With the Sept. 29 release of Triads, Danish composer and Vehlinggo mainstay Code Elektro has on his hands a triple-threat of cyberpunk-injected, sci-fi-laden synth soundtracks. To put it another way, the third time is certainly a charm, but so was last year’s Wolf and 2015’s Superstrings.
Those previous albums killed it in the critical and fan sphere — earning Code Elektro (AKA Martin Ahm) nominations for a GAFFA Award for Best Danish Electronic Release in 2015 and 2016, and solidifying him as a well regarded synthesizer-based composer. Triads drives home one very important but basic concept: His albums could be (and should be) scores for films. Take note, decision-makers. Take note.
(I should also note that not only is Ahm’s music good, but it sounds good. His releases are engineered impeccably using some kind of Nordic magic.)
In advance of Friday’s release, the noted sound designer Ahm returns to Vehlinggo to talk about Triads. (Note: The interview was edited for clarity and house style.)
Code Elektro Talks About ‘Triads’
Martin Ahm: Just like with the Wolf album, I have an overall theme for Triads. For instance, the title, Triads, has two meanings. Firstly, it’s my album number three — and a triad is group of three. Secondly, triads can also mean these Chinese gangs that appeared in the 18th Century in China. So, the tracks have an Asian feel with Asian-inspired melodies and sounds combined with the Code Elektro sound throughout the album.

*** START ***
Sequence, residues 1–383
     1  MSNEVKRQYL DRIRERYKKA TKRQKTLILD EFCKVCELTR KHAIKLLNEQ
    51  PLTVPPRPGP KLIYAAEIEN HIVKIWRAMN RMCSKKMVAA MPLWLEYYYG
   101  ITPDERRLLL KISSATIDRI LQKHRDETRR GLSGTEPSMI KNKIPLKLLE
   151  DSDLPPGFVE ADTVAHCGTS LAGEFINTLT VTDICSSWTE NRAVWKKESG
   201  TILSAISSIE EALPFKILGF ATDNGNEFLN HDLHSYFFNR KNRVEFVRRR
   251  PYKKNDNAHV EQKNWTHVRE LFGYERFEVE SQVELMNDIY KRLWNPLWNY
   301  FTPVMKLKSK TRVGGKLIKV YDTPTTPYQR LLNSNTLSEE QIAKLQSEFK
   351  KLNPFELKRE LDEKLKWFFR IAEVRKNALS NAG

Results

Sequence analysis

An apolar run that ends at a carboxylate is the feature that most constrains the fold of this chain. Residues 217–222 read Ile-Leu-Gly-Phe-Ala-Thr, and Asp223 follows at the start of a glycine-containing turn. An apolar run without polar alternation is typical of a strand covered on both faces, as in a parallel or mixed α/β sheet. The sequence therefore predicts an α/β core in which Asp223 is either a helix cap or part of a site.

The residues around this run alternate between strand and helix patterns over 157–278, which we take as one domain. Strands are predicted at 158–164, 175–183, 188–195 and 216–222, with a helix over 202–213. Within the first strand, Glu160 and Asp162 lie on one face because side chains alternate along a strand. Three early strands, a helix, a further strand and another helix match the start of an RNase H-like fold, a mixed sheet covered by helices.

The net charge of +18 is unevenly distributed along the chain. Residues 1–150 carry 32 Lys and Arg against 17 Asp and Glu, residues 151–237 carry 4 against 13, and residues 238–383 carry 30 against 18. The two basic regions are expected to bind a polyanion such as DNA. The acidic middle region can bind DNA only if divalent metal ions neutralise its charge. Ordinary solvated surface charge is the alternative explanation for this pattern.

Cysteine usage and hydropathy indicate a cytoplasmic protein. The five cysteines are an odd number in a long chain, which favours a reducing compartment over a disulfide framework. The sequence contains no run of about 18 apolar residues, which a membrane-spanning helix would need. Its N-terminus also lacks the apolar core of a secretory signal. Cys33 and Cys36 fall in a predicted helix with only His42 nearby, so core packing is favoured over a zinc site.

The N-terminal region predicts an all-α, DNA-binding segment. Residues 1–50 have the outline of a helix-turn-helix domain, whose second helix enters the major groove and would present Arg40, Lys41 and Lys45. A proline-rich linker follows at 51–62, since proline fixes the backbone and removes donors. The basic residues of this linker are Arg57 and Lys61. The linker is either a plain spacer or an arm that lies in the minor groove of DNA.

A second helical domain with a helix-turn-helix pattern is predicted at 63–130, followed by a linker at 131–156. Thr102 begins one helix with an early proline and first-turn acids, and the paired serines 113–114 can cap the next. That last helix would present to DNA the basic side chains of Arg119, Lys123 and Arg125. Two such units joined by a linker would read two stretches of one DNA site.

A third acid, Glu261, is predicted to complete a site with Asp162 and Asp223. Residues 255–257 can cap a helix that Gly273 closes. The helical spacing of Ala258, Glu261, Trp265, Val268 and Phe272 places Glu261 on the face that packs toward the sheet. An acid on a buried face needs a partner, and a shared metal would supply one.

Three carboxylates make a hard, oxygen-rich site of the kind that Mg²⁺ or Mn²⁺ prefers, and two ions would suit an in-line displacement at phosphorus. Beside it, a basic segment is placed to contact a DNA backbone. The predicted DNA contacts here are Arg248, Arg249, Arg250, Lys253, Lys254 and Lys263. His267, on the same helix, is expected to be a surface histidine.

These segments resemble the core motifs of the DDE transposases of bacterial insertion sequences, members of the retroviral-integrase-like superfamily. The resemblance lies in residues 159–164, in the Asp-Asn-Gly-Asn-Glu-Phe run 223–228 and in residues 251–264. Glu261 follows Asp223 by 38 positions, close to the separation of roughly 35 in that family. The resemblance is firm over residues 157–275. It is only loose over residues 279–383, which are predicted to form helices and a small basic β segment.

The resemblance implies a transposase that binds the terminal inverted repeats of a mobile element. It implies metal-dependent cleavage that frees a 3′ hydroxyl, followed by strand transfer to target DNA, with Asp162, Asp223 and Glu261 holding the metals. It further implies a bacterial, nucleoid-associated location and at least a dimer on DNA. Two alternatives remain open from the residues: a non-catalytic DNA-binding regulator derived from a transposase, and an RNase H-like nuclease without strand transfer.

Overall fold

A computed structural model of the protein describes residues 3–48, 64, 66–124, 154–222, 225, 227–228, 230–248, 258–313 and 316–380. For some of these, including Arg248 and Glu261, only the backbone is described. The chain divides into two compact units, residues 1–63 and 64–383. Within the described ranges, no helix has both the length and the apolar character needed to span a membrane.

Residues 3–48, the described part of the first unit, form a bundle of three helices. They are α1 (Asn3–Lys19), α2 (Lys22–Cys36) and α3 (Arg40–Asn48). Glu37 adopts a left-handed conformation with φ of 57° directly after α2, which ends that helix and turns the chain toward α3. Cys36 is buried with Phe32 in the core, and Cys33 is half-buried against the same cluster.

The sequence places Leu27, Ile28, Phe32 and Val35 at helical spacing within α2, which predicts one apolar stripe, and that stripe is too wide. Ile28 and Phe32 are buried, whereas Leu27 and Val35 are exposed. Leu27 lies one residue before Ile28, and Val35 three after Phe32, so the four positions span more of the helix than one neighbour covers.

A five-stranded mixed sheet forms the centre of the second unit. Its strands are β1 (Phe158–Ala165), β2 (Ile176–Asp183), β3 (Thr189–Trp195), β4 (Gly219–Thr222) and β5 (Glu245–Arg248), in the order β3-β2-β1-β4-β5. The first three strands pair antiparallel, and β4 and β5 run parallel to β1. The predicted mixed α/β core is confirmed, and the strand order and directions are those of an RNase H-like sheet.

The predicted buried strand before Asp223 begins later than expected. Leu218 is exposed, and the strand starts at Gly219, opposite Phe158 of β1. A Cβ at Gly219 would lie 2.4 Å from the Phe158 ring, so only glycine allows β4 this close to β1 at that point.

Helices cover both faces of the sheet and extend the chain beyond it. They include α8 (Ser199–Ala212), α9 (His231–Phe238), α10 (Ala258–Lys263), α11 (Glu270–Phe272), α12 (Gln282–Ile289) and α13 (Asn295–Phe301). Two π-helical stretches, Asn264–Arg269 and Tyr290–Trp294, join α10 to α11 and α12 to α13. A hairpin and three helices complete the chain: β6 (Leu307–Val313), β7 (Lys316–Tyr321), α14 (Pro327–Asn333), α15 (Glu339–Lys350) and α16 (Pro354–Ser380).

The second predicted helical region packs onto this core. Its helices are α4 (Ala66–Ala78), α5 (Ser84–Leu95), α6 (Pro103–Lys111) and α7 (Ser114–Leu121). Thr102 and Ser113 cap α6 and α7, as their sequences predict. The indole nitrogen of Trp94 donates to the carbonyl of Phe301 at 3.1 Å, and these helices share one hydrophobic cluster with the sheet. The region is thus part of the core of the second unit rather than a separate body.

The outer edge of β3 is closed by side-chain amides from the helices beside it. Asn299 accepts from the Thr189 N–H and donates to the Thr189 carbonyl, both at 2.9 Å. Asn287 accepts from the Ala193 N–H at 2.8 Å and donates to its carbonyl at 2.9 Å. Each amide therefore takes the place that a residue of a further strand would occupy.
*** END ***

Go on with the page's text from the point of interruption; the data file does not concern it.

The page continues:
Also, this time I have added two cover tracks from the Commodore 64. “The Wilderness” (from The Last Ninja) and “International Karate.” I have always wanted to do that and now I had a reason. I played those games waaaay too much when I was a kid!
Production-wise, I have been using more old school, 8-bit percussion and retro-inspired-instruments this time. I think that the Commodore 64 soundtracks have inspired me to do this.
How did your experiences with those two records inform how you went about making this one?
Everything you do and learn forms you as an artist (and person). I learned a lot making those albums… (but there’s always room for improvement). And I always seem to forget how much work it is to make an album! Haha!
One of the lessons from making the Wolf album is that working with an overall concept helps me write — from the music, to the sounds, to the cover, etc.
Also, I think that it’s important to trust yourself and your instincts in the songwriting phase, and not be too focused on the end result. That’s always hard, I think. I still try to learn that.
The cover for Triads was designed by John Bergin — the legendary Renaissance man and current art/creative director for Lakeshore Records, and designer of the album art for the likes of Stranger Things, Drive, and Mr. Robot. How’d that come about? I know he’s a fan and that he pursued you for inclusion on the companion album for The Rise of the Synths. Did it all come out of that?
Yes, John is the reason that Code Elektro appears on The Rise of the Synths album. It’s such an honor to be among those awesome bands — GUNSHIP, Com Truise, etc. — and it’s great that somehow, I’m a part of the community.